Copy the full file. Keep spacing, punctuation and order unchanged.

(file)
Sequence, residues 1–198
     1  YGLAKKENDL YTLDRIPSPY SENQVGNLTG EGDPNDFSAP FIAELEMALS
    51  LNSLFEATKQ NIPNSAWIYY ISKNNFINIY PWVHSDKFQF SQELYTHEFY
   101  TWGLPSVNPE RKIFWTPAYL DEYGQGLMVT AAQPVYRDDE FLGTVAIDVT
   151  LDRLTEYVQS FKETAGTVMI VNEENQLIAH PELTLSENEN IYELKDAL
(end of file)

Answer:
Sequence, residues 1–198
     1  YGLAKKENDL YTLDRIPSPY SENQVGNLTG EGDPNDFSAP FIAELEMALS
    51  LNSLFEATKQ NIPNSAWIYY ISKNNFINIY PWVHSDKFQF SQELYTHEFY
   101  TWGLPSVNPE RKIFWTPAYL DEYGQGLMVT AAQPVYRDDE FLGTVAIDVT
   151  LDRLTEYVQS FKETAGTVMI VNEENQLIAH PELTLSENEN IYELKDAL